• Steven Weinberg on the Conflict Between Religion and Science 

    …Weinberg writes that his understanding of the origins of the universe leaves little room for miracles or for a designing intelligence—at least any one that “has some special concern with life, in particular human life.” The human mind, so central to most religious persons’ belief in God, is to Weinberg much like next week’s weather—a difficult-to-predict product “of impersonal laws acting over billions of years.” He sides with fellow physicist Richard Feynman who once said of the universe, “The theory that it is all arranged as a stage for God to watch man’s struggle for good and evil seems inadequate.”

    Weinberg has a ready explanation for those to point to what seems to be evidence of conscious design, such as the just-right radioactive state of carbon or the very low energy density of empty space (the small “cosmological constant”). Without these and other unlikely conditions, the design proponents observe, life would be impossible. Weinberg asks why should we be surprised to find perfect conditions for life: “In all other parts of the universe” where perfect conditions do not exist, “there is no one to raise the question.” To Weinberg, these sorts of arguments about design are like someone exclaiming, “Isn’t it wonderful that God put us here on earth, where there’s water and air and surface gravity and the temperature is so comfortable, rather than some horrid place, like Mercury or Pluto?” The only thing that would convince Weinstein of the reality of intelligent design is “a miracle or two”—but he hasn’t seen any yet and doesn’t expect to. [read the full article…]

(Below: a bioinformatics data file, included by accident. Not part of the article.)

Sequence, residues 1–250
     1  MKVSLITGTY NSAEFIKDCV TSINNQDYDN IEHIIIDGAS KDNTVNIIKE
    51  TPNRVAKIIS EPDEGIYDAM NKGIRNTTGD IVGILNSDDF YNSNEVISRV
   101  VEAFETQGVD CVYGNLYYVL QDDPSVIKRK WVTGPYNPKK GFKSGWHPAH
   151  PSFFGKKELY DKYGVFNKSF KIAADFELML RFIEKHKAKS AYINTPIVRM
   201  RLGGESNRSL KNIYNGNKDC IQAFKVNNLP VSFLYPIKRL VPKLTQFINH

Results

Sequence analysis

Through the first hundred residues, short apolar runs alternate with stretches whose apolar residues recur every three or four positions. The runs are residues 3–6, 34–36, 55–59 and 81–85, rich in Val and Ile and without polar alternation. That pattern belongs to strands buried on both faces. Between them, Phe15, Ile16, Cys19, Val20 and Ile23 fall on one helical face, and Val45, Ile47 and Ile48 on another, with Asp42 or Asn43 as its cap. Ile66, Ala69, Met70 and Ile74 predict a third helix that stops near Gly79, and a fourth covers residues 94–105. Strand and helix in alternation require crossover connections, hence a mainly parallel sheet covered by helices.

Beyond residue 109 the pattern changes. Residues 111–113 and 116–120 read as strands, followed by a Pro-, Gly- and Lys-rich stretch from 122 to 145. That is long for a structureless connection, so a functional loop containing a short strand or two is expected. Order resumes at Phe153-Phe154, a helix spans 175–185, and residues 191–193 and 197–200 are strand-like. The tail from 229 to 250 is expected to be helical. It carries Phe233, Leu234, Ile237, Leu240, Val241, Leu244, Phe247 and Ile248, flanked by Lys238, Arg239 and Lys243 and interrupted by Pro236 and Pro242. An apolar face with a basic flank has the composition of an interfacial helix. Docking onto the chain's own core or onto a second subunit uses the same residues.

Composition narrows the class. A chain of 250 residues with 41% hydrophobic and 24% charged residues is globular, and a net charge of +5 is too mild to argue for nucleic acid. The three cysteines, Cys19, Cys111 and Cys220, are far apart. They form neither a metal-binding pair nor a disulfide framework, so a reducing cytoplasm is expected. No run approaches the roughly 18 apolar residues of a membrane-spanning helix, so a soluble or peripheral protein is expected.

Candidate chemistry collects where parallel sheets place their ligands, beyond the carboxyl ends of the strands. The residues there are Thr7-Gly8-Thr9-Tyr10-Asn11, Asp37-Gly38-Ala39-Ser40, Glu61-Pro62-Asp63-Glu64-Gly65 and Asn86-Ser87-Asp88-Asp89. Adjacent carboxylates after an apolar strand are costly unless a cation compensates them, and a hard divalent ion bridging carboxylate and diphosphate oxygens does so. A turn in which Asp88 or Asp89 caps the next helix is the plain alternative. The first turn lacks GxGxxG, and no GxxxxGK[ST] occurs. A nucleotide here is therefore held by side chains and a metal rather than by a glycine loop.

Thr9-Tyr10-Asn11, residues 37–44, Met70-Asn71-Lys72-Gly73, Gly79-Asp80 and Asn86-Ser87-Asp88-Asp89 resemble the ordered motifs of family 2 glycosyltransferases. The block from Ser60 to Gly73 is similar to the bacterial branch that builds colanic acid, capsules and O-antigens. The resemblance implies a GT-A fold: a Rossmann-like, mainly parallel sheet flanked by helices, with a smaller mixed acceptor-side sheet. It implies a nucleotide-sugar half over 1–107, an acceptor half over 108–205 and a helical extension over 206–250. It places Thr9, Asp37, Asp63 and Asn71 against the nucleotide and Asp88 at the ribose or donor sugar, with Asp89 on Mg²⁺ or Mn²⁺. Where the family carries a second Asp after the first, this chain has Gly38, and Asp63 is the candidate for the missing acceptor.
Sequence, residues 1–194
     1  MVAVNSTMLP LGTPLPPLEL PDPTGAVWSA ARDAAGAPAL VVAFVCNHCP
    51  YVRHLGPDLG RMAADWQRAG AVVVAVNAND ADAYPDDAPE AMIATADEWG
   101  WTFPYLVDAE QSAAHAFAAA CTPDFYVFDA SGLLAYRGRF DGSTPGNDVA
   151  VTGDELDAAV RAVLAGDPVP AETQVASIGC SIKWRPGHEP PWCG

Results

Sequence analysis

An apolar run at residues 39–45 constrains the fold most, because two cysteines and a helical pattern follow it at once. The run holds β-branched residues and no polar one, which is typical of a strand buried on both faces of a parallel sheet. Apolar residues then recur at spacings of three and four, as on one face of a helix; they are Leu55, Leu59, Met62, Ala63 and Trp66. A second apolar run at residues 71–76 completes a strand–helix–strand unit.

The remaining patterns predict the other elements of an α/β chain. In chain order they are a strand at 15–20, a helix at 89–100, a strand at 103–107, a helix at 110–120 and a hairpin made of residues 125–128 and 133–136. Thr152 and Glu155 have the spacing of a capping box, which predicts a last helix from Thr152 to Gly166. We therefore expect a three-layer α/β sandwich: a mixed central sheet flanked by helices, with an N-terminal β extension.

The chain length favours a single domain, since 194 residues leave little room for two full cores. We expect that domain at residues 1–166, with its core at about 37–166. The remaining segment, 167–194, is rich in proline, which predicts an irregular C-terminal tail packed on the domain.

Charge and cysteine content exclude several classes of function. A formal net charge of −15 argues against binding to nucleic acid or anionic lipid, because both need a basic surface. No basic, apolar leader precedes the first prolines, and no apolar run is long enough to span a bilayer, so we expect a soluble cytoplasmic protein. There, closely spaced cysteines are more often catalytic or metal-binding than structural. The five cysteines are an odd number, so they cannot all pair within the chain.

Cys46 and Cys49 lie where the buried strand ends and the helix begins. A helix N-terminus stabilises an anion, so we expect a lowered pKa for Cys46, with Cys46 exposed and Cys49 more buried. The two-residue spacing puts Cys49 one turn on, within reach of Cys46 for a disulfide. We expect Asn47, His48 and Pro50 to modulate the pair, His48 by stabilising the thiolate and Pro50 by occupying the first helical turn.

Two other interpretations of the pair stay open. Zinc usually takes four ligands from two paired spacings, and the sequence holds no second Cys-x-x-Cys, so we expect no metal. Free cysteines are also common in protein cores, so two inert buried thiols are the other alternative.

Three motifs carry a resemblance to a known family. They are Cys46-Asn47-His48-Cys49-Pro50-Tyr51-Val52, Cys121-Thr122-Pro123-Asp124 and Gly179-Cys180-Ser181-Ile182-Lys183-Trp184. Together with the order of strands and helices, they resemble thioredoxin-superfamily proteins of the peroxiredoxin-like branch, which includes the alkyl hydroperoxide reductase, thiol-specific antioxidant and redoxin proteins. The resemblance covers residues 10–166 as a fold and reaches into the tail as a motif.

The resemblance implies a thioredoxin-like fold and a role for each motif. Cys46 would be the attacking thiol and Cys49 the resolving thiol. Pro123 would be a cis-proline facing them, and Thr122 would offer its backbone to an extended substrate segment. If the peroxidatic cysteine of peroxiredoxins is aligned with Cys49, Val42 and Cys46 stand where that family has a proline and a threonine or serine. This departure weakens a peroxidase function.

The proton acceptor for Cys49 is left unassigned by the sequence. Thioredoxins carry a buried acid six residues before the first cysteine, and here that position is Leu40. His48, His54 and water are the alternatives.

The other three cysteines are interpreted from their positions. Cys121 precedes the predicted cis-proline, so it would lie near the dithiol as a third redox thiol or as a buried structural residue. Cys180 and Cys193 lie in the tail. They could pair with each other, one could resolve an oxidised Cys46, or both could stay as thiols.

• Science in the Dock, Discussion with Noam Chomsky, Lawrence Krauss & Sean M. Carroll— This is Lawrence Krauss speaking and quoting Weinberg:

    …And I believe that the ethos of science — full disclosure, honesty, anti-authoritarianism — would, if more generally applied, help produce a more ethical world. Now, this does not mean that there is no tension between religion and science. As Steve Weinberg, a Nobel Laureate in Physics, again put it, “Science does not make it impossible to believe in God, but it does make it possible to not believe in God.”

    Without science, everything is miraculous. Science alone allows for the rational possibility that there is no divine intelligence. But it does not require it, and that is the important point. Arguing that evolution must be incorrect because it appears to conflict with one’s a priori ideas about design in nature is not just bad science, it is bad theology. [read the full article…]

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